“Masanath is better now, good Hotep, and I would take my place beside my king.”
Without summoning further aid, he half carried the limp monarch up the hall and into the royal bed-chamber.
Weak, shaking, sated with horror and numb with fear, Masanath attempted to return to her apartments, but at the second step she reeled. Hotep saw her. The fan-bearer was not in sight. In an instant the scribe was beside the fainting girl, supporting her, nor did he release her until she was safe in the ministering arms of Nari.
As he was leaving her he commended her most solemnly to the gods.
“Death hath wrenched a scepter from the gods and ruled the world this night,” he said. “We may not delude ourselves that we have escaped, my Lady. As sure as there is a first-born in thy father’s house and in mine, that one is dead. And think of those others whom we love, the eldest born of other houses! Do thou pray for us, thou perfect spirit. I can not, for there is little reverence for my gods in me this night.”
He turned away and disappeared down the corridor.
Within her chamber Masanath knelt and dutifully strove to pray, but her petition resolved itself into a repeated cry for help. In that hour she did not think of the relief to her and to many that the death of Rameses had brought about, for in her heart she counted it sin to be glad of benefit wrought by the death of any man.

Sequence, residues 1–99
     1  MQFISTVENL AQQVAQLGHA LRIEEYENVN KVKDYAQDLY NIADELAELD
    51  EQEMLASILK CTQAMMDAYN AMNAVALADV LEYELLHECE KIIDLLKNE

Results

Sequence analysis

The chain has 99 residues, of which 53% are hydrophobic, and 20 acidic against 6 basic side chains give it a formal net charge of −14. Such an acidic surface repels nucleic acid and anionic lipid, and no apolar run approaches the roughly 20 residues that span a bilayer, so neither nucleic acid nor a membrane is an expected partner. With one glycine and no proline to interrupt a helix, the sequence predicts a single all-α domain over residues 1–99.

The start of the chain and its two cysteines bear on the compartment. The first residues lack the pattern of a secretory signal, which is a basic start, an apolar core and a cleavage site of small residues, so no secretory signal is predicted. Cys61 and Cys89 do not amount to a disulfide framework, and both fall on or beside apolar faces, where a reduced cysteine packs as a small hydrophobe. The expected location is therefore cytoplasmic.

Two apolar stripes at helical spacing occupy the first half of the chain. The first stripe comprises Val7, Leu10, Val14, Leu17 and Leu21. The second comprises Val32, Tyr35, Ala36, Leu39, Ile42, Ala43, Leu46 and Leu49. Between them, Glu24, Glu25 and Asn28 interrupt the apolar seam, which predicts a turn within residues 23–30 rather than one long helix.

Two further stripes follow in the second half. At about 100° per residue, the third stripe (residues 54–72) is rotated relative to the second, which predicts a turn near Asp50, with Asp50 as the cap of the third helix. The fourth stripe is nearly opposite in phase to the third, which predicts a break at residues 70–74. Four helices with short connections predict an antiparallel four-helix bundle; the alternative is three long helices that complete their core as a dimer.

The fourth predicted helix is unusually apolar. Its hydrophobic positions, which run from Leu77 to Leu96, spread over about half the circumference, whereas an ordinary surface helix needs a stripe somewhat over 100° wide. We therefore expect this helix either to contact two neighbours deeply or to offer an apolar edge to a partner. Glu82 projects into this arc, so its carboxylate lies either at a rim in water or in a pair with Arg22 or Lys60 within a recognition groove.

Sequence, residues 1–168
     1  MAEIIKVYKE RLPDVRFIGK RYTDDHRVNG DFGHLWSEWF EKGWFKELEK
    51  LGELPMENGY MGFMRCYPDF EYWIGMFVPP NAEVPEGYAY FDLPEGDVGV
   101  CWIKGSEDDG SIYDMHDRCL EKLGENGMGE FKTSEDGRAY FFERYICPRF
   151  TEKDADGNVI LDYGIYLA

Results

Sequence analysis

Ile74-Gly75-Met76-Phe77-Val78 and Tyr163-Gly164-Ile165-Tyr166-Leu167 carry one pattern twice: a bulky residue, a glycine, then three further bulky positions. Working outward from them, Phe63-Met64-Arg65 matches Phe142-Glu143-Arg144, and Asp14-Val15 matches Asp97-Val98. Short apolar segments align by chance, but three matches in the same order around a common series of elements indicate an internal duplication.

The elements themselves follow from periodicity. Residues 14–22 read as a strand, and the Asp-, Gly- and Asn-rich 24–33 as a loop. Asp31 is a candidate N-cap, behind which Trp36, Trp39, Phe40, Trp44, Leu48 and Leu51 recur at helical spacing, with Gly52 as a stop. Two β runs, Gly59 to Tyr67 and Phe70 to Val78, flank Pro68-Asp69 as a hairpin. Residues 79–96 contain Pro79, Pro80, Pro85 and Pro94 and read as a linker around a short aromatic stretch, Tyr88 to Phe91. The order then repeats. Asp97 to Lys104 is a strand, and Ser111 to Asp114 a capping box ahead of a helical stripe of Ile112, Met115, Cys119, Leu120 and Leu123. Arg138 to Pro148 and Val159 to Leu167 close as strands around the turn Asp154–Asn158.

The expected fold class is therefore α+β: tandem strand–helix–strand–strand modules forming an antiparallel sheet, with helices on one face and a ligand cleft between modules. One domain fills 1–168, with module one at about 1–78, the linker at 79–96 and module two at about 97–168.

Through the fingers across her face she knew that dawn was breaking, but quiet had not settled on the city. Surging murmurs of unanimous sorrow rose and fell as if blown by the chill wind to and fro over Egypt. The nation crouched with her face in the dust. There was no perfunctory sorrow in her abasement. She was bowed down with her own woe, not Meneptah’s. Never before had a prince’s going-out been attended by such wild grief. There was no comfort in Egypt, and the air was tremulous with mourning from the first cataract to the sea.
THE ANGEL OF DEATH
Kenkenes had spent two weeks in Goshen in systematic search for Rachel.
The labor had been time-consuming and fruitless.
More than two million Israelites were encamped about Pa-Ramesu, and among this host Kenkenes had searched thoroughly and fearlessly. He was an Egyptian and a noble, and Israel did not make his way easy. But all Judah knew Rachel and loved her, and the first the young man came upon was a quarryman who had known of Rachel’s flight from Har-hat and of her protection at the hands of an Egyptian. Therefore when Kenkenes bore witness, by his stature, that he was the protecting Egyptian, and by his testimony concerning the God of Israel, that he was worthy, this friendly son of Judah began to suspect that Rachel would be glad to see the young noble, and he joined Kenkenes in his search. Furthermore, he softened the hearts of the tribe toward the Egyptian and they tolerated him with some assumption of grace.